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Threat Emulation: Black Basta

Intro

Welcome to the October 2022 SCYTHE #ThreatThursday! This edition features an emulation based on Black Basta ransomware

Executive Summary

Black Basta is back on the radar again this fall after a rise in Qakbot malware distribution was observed. Qakbot is a common initial entry and lateral movement tool used by the Black Basta ransomware group. Black Basta is cross platform, affecting both Windows and Linux operating systems and attacks seem to be targeting U.S. based organizations in the construction and manufacturing industries. The group leverages a double-extortion technique and hosts a Tor site where they post the names of all their victims that have not yet paid the ransom. Based on similarities in tactics, techniques, and procedures there is speculation that Black Basta is not a new operation, but a faction that may include former Conti operators.

Cyber Threat Intelligence

Profile: 

Black Basta is a relatively new ransomware group first discovered in April 2022 that leverages double-extortion as a part of its attacks. Despite being relatively new to the scene, reports indicate that at least 20 victims were posted to the group’s leak site within the first two weeks of operation. This suggests experienced operators with a reliable source of initial entry. It follows that there is speculation of Black Basta being a rebrand of Conti or a rogue faction of Conti.

This group has been observed to use Qakbot as both an initial point of entry and as a payload for lateral movement. The Black Basta ransomware itself is a console-based executable that can only be executed with administrator privileges. It supports use of a -forcepath command line argument to only encrypt files in a specific directory if desired. The malware spawns a mutex to ensure a single instance is running at a time as it iterates through to encrypt files and add the .basta extension.

An interesting method of persistence employed by Black Basta ransomware is to hijack a legitimate service by deleting it, and then re-creating a new malicious service with the same name (use of the Fax service has been observed in the wild). The ransomware also makes additional modifications to the registry to ensure the malicious service is running after a reboot into safe mode.

Aliases: 

N/A

Targets:

Black Basta has been observed to primarily target U.S. based organizations in the construction and manufacturing industries. Black Basta ransomware is written in C++ and affects both Windows and Linux operating systems. In June 2022, researchers reported a VMware ESXi variant that targeted virtual machines running on Linux servers.

Objectives:

  • Data encryption
  • Data exfiltration
  • Financial profit

Capabilities:

  • Initial Entry
    • Qakbot
  • Discovery
    • Account discovery (net user /domain, net group /domain)
    • Collection of internal IP addresses
  • Lateral Movement
    • Qakbot
    • RDP
    • PsExec
  • Execution
    • PsExec
    • PowerShell
      • Invoke-TotalExec
  • Persistence
    • Account creation/manipulation
    • Creation or modification of services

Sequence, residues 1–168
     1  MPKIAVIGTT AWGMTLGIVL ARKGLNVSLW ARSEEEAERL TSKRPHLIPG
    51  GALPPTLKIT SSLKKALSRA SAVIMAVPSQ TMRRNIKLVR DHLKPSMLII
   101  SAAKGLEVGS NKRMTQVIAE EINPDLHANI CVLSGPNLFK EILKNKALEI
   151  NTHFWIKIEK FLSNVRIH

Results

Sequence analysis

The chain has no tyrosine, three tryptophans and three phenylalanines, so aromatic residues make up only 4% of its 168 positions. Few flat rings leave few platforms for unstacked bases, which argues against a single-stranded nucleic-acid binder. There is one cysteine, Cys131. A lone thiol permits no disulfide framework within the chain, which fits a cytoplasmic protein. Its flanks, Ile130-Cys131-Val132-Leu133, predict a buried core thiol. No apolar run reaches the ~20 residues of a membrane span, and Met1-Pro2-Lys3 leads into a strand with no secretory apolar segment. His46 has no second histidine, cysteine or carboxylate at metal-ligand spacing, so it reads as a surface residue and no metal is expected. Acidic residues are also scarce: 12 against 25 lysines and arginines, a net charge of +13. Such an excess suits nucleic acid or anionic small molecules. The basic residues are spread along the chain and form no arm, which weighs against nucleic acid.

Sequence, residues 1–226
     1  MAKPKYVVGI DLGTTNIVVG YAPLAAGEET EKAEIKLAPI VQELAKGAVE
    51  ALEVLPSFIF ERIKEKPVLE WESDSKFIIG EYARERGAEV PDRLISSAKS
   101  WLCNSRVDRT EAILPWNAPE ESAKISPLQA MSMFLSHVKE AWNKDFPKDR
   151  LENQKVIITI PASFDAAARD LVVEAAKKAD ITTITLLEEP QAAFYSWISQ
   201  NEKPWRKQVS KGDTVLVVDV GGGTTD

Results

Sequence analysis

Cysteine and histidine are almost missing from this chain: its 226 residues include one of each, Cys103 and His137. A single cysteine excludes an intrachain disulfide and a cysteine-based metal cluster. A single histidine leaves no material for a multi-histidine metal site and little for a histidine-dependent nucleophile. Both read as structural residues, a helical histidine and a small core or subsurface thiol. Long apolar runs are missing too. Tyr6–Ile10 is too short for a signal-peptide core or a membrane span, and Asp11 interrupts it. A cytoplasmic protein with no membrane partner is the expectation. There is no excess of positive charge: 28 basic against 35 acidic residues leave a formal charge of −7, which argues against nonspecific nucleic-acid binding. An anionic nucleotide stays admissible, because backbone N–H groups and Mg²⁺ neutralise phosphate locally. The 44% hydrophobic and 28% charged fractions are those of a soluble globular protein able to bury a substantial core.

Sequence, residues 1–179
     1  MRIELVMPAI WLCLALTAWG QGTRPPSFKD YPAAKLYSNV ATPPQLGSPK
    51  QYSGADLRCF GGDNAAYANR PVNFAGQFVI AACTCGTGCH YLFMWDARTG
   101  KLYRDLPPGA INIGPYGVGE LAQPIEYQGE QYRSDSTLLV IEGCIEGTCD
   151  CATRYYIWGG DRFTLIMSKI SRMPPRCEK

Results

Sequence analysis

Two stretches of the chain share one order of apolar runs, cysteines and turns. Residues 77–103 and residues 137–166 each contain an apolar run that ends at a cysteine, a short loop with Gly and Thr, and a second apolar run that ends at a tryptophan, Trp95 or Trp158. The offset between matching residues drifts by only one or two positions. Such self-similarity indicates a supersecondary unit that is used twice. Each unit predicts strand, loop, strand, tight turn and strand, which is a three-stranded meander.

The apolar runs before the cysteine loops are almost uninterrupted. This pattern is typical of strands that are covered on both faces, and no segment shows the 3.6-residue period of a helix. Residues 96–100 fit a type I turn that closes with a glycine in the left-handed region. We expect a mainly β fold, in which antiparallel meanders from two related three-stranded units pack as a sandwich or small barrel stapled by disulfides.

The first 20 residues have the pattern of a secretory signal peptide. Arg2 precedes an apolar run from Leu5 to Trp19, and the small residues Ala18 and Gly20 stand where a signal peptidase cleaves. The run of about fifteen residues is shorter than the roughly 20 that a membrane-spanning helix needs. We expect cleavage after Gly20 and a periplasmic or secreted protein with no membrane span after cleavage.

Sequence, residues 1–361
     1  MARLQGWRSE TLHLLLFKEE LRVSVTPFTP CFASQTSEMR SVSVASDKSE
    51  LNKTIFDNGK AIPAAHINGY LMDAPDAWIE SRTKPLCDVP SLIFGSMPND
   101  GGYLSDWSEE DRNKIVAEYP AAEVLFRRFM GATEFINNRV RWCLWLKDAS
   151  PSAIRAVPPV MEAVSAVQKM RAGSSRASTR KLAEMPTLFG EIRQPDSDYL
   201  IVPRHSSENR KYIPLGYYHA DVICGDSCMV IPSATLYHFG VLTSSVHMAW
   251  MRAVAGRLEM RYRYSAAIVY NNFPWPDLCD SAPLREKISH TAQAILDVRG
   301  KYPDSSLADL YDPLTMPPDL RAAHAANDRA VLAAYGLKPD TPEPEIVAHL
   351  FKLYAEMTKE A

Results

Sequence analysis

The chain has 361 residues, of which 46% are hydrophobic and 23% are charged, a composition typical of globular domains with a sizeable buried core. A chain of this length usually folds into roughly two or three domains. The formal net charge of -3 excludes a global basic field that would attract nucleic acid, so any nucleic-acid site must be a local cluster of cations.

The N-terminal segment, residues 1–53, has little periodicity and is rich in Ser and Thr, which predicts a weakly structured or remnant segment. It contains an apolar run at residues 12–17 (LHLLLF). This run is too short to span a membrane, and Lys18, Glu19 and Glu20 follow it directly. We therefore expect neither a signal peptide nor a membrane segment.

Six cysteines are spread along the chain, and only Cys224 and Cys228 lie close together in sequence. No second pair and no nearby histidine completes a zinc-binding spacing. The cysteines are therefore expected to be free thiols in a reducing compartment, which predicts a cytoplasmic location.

• DLL search order hijacking
  • Privilege Escalation
    • Group policy modification
    • Create or modify system processes
  • Credential Theft
    • Mimikatz
  • Command and Control
    • Cobalt Strike
    • Use of remote access software (Team Viewer, AnyConnect)
  • Defense Evasion
    • Deletion of malicious files
    • Registry modification
    • Use of regsvr32.exe to execute malicious DLL
    • Disable Windows Defender

Attack

Automated Emulation

We begin by performing several queries to obtain the current state of certain keys and settings. These values can be referenced later during clean-up to restore the initial state.

We include a step which sets a scheduled task to kill the process spawned after we execute rdpclip.exe. This scheduled task is an artifact of emulation and is not intended to be used in detection engineering. This task is deleted after a 4 minute delay. Execution of rdpclip.exe is used to emulate the threat actor’s use of RDP in the campaign.

Next, some basic reconnaissance steps are performed:

We then download and run both rdp.bat and b.bat which modify the firewall to allow for remote administration and RDP.

We then modify the desktop background by adding a dlaksjdoiwq.jpg file to C:\Temp and creating the registry key HKCU\Control Panel\Desktop. Additional registry keys are also created to change the icon of encrypted files to fkdjsadasd.ico.

The next steps emulate an interesting persistence mechanism where a legitimate service (Fax in this instance) is hijacked and a new malicious service with the same name created. An additional registry key is also added to enable the malicious Fax service to run in safe mode. We have omitted the step where the malware reboots the device into safe mode. In an actual attack, due to the changes made earlier, the device would reboot into safe mode with the malicious Fax service running. The service would then execute the ransomware again, triggering the steps for data encryption.

The following commands create a list of computers on the 192.x.x.x network that will be used when the Invoke-TotalExec script is executed. This powershell script will attempt to use PsExec to make a connection to each IP address in the ip_list.txt file to install and execute its malware.

The following steps emulate data encryption and tagging of the files with the .basta extension. At the conclusion of the threat a README.txt file is dropped.

Clean-up Steps are included to remove the downloaded files and new registry keys.

 

Detection Opportunities

Step Number Request SIGMA Rule(s) Author(s)
18 run "C:\Windows\System32\rdpclip.exe" Suspicious In-Memory Module Execution Perez Diego (@darkquassar), oscd.community, Jonhnathan Ribeiro
28 run "C:\Users\Public\rdp.bat" Enabling RDP Service via Reg.exe @Kostastsale, @TheDFIRReport, slightly modified by pH-T